Colortech has recently introduced two new white concentrates that provide excellent opacity in blown film. One product provides nearly equivalent film opacity as a standard 50% TiO2 white, while the second provides nearly equivalent film opacity as a standard highly loaded white concentrate (70%). Colortech also has a number of new concentrate products for polyolefin applications.
Milliken Chemical’s Millad 3988 is used to clarify PP water jugs being blowmolded in Indonesia. Milliken has also recently introduced ClearTint, a line of liquid colorants for PET beverage applications.
PolyOne Corporation has recently signed a licensing agreement with Ciba Specialty Chemicals to market the Ciba Shelfplus UV filter as an additive concentrate for PET bottle applications. The Shelfplus product is able to block out roughly 90 percent of UV light at up to 390 nm, providing a higher level of UV protection. PolyOne will supply the new Ciba UV filter as a UV additive concentrate for use in clear packages, or compound it into a custom color with its ComPETe pelletized colorants.
HOW NANOCOMPOSITES WILL SUCCEED
The rate of commercial advancement of nanocomposites will largely depend on the ability of suppliers and customers to reach a cost/performance balance that can be supported in the market, says Roger Avakian, PolyOne’s chief technology officer.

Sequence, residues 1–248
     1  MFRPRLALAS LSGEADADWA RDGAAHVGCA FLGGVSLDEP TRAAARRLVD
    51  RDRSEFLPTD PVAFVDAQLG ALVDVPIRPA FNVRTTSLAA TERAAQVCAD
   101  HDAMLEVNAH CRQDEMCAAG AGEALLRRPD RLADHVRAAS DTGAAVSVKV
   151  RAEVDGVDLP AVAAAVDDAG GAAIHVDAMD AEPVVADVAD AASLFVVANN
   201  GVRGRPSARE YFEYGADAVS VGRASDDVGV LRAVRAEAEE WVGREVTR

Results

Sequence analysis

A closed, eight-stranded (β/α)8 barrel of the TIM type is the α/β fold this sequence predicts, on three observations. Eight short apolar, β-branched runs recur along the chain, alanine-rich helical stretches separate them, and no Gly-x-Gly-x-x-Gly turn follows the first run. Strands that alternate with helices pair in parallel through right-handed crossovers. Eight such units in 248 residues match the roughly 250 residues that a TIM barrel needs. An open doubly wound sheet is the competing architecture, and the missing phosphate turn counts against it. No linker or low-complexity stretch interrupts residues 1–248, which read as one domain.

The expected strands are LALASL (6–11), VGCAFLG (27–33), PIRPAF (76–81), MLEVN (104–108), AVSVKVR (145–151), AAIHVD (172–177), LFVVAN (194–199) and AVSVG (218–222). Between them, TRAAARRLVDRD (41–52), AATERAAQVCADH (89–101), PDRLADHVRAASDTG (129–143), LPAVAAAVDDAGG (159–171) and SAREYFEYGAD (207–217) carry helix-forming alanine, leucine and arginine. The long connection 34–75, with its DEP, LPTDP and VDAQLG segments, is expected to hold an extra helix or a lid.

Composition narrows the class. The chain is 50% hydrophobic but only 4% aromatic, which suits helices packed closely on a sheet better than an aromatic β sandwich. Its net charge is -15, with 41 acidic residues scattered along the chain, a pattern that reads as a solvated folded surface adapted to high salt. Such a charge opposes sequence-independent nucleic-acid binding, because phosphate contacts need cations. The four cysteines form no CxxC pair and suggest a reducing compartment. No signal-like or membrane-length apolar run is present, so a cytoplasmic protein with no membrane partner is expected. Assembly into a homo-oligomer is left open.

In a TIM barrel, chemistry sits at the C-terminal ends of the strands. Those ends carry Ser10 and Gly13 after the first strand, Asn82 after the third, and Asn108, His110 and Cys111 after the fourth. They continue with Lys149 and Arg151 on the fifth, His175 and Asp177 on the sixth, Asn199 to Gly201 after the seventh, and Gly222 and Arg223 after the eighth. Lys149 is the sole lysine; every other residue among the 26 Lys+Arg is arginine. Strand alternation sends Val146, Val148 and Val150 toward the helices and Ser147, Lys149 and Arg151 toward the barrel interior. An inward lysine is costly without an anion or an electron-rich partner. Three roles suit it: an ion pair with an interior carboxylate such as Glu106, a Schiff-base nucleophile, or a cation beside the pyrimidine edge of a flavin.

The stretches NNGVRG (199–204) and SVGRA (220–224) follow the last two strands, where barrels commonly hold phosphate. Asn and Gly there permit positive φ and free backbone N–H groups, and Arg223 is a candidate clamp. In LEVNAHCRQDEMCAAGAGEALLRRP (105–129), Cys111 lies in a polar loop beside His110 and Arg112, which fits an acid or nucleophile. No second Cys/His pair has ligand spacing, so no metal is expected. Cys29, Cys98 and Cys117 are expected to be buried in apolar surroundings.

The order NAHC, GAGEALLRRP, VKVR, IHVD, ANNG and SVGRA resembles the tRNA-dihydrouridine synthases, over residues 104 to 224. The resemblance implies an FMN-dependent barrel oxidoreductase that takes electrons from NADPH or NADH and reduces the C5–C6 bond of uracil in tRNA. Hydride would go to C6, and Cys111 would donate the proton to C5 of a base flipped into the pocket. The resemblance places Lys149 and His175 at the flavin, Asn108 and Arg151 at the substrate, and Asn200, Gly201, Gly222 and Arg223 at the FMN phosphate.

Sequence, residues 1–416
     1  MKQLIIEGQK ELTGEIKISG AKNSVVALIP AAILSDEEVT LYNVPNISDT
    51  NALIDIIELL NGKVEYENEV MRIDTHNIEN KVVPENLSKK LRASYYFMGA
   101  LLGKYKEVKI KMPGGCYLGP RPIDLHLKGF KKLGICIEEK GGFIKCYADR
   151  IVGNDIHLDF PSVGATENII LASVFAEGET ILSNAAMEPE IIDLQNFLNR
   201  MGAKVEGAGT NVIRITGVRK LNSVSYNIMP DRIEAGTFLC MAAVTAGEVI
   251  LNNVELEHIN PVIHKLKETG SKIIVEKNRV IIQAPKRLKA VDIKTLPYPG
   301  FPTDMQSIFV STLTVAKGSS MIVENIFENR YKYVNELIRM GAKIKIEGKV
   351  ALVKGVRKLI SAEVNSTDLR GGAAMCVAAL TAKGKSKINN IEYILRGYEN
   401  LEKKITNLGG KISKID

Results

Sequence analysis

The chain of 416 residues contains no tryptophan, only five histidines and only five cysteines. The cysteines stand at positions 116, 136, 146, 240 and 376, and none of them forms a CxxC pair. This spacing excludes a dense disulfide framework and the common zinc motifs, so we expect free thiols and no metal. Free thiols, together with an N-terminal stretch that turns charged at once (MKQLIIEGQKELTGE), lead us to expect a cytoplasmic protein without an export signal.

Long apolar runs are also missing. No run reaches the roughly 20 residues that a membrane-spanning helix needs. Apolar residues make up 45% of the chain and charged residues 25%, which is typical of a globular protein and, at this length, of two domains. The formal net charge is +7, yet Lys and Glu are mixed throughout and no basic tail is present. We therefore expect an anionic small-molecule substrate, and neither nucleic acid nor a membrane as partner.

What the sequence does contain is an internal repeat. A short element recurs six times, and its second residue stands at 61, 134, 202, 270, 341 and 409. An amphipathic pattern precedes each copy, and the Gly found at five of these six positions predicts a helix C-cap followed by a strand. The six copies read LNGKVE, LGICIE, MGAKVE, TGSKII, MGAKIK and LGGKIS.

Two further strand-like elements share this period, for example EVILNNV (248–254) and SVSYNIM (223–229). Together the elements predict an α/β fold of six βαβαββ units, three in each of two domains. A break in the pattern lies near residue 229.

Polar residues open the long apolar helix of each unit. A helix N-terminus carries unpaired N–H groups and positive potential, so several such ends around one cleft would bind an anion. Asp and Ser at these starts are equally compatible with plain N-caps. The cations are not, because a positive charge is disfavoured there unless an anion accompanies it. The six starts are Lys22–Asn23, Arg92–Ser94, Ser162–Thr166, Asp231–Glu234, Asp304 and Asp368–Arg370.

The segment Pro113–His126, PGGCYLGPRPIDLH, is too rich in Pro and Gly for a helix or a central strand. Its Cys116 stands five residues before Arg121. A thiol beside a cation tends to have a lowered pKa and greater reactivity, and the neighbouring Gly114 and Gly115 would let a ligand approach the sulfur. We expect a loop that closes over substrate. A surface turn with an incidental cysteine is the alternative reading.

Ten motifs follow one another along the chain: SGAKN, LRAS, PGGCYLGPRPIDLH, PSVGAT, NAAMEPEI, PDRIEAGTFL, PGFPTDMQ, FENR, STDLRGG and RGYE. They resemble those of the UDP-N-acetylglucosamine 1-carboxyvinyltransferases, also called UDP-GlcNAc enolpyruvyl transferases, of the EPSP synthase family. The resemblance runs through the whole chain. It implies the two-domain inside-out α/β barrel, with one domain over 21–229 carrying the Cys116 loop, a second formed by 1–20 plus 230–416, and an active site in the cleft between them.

“Nanoclays selling in the range of $2 to $3 per pound are still expensive, compared with traditional reinforcements which sell at about 40 to 50 cents a pound,” Avakian says, noting that with price differential, nanocomposites need to offer substantial performance benefits for a particular application to be justified in terms of economics.
Given the considerable build-up about the potential of nanocomposites in plastics manufacturing, research over the past few years has helped sort out the properties and capabilities of various nanocomposite systems. Avakian says this dose of reality has been healthy for the field.
PolyOne does not currently have any commercial nanocomposite product lines, but Avakian says the company is actively following research and product development in that area. He points to the relatively recent finding that nanocomposites can improve flame retardant and barrier properties in semi-crystalline and amorphous resins as especially promising.
“We see this as another avenue to customize products and work with customers toward specific applications.”